Gardening Central Mass.: Appreciating the Winter Backyard

Gardening Central Mass.: Appreciating the Winter Garden

i love winter Sure, snow is a pain to clean up, 4pm sunsets are sickening and snowshoeing sounds better in theory than in practice, but there’s something intriguing about the quiet simplicity of a New England winter landscape. As the leaves fall, the sunlight appears brighter and the shadows are longer and more pronounced, showing the subtle beauty of the winter bark and evergreen foliage.

Some people say you should design your garden “backwards” and think of winter first, then fall, summer and spring. While it may seem counterintuitive, designing for the least colorful season first helps create a strong foundation that has something to offer year-round. This guide also makes sense if we think of winter in New England as all those long months from November through April when there are no leaves on deciduous trees. Of course, we should first make our gardens winter-proof – we have to live with the winter landscape for half the year.

Designing a beautiful conservatory is all about choosing the right plants—trees, shrubs, and perennials that provide what gardeners call “winter interest.” That can be difficult. Some of my favorite garden plants either look awful or disappear altogether in the winter. The umbrella-leaf magnolia (Magnolia tripetala) is a great example – huge blooms in midsummer, huge leaves that look almost tropical, beautiful fruit in fall but a terrible winter form. Umbrella leaf magnolia in winter looks like a drawing of a 3 year old tree coming to life. It’s irregular and weird and just looks awful. However, many of this plant’s cousins ​​make great additions to the conservatory. The star magnolia (Magnolia stellata), for example, has flower buds reminiscent of pussy willows that hang around all winter. And when this little tree loses its leaves, the beautiful smooth gray bark becomes even more visible. Many other deciduous trees still look good after their leaves have fallen. They can have variegated stems or a distinctive growth pattern that offers something attractive even in winter.

Some evergreen elements are crucial in the conservatory. But not all evergreens are the same. Mountain laurel (Kalmia latifolia) is a fine shrub native to all of New England. However, to say that it remains evergreen is a bit of a stretch. Many mountain laurels shed all but a few leaves toward the tops of their stems each fall. If you’re looking for a dense evergreen umbrella, mountain laurel is not the shrub for you. Another native shrub alternative, Great Rosebay (Rhododendron Maximum), is a better option. Great Rosebay grows quickly to a height of 12 feet or more, is reliably hardy, boasts beautiful spring flowers, and forms a dense thicket of evergreen foliage, making it a wonderful choice for the conservatory.

Winter is also the time to appreciate the beauty of the bark. So many woody ornamental plants feature a showy bark with unique colors and textures that you’ll appreciate all winter long. Red oak (Quercus rubra) owes its name in part to the way the cracks in its bark turn red when wet. I once heard someone describe the smooth gray bark of an American beech (Fagus grandifolia) as an elephant’s leg. Japanese stewartia (Stewartia pseudocamellia) also has prominent bark in winter, with large chunks of reddish-brown to bronze bark peeling off to reveal olive-colored or white bark underneath. Japanese Stewartia is an ideal plant for a four-season garden, with plenty of winter interest, beautiful summer flowers, and outstanding fall color.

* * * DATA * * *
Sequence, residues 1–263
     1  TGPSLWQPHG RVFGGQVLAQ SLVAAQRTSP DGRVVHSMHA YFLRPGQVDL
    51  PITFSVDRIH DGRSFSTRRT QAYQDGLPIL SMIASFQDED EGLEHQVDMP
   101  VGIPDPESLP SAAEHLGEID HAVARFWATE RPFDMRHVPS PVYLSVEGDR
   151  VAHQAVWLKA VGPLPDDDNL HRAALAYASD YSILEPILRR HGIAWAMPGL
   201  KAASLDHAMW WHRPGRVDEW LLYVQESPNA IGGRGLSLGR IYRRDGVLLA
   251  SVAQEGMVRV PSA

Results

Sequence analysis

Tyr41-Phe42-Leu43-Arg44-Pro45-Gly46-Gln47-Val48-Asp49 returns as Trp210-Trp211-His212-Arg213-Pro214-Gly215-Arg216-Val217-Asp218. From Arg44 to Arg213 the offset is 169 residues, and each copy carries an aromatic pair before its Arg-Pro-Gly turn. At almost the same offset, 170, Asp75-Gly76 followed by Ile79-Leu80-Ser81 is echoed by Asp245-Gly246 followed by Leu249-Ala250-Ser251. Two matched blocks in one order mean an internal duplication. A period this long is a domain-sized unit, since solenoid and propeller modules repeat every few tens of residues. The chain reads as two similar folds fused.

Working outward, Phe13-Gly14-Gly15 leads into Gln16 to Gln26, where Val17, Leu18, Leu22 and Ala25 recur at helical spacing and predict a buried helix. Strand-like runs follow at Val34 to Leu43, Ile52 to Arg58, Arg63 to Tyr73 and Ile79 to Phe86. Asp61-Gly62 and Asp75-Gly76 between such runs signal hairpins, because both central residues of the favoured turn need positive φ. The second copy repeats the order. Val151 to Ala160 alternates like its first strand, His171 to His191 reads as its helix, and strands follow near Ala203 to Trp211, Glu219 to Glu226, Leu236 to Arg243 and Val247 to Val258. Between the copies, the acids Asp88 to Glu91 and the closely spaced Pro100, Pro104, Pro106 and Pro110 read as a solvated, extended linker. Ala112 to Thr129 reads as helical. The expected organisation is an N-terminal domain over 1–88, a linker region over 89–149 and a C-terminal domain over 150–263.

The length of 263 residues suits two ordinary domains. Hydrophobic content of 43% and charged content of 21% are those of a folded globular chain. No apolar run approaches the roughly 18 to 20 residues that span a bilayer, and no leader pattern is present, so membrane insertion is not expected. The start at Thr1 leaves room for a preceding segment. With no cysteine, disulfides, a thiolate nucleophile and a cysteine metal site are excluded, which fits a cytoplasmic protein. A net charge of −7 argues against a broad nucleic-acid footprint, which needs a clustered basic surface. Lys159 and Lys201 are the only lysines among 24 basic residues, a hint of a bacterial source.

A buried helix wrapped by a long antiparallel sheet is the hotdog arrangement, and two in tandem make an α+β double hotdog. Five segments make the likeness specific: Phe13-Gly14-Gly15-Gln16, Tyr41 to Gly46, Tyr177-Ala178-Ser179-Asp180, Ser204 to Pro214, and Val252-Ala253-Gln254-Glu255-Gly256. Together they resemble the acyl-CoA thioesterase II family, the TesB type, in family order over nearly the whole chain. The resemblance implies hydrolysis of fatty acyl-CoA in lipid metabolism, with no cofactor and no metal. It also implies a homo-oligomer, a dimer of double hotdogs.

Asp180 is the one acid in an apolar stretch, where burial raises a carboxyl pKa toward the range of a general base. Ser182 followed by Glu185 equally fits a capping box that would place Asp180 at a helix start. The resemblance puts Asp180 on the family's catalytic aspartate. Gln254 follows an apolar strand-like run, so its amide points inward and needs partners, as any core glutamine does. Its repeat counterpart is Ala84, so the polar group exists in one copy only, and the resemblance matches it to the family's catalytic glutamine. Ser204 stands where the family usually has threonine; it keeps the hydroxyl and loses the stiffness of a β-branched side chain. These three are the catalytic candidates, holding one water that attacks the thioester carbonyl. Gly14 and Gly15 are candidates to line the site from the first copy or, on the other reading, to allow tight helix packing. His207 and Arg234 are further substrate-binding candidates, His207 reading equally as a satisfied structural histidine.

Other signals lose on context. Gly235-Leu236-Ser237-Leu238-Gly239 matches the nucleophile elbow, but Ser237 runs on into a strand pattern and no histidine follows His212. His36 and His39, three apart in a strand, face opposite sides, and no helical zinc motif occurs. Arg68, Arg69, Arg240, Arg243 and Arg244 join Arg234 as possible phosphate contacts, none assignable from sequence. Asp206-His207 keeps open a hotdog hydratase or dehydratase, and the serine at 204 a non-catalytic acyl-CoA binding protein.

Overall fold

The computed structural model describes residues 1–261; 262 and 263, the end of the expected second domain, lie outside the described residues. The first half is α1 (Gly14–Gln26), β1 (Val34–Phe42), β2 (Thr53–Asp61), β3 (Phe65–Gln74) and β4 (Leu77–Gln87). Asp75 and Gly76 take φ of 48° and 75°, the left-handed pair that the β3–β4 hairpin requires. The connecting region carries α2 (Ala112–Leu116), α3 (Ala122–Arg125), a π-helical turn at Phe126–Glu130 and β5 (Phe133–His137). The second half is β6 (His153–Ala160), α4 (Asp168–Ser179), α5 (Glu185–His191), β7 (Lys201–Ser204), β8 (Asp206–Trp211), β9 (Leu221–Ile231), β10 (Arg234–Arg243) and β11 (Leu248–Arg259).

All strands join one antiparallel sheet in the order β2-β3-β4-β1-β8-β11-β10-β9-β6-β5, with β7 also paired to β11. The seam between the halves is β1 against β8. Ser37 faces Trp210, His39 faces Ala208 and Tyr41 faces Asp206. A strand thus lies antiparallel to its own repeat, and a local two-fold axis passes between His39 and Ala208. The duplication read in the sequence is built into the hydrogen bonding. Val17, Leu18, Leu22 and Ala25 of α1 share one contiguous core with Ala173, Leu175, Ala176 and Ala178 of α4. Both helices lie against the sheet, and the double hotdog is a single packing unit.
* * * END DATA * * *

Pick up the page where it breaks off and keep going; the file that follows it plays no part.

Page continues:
Now that winter is upon us, pay attention to the plants around you that are attractive for the cold season. Some might surprise you. Subtle features, like the hardened fronds of the ostrich fern (Matteuccia struthiopteris) poking through a fresh carpet of snow, add a tranquil detail to a garden. The leaves of many evergreen shrubs, such as bearberry (Arctostaphylos uva-ursi) or PJM rhododendron (Rhododendron ‘PJM’), turn subtle shades of purple or red in the fall and retain the color throughout winter. Many of us long for warmer temperatures when it’s cold and blustery outside. Creating gardens that shine during the coldest months can remind you that spring is just around the corner. Additionally, the right combination of beautiful winter plants can help you enjoy the longest season, rather than wishing it away.

Gardening Central Mass. was written by the team at the New England Botanic Garden in Tower Hill. Located on 171 acres in Boylston, the New England Botanic Garden is one of the region’s finest horticultural resources. Throughout the year, garden visitors experience the wonders of plants, learn about the natural world, and make joyful connections. There is so much growing in the garden. Discover it today at The column appears on the third Sunday of the month.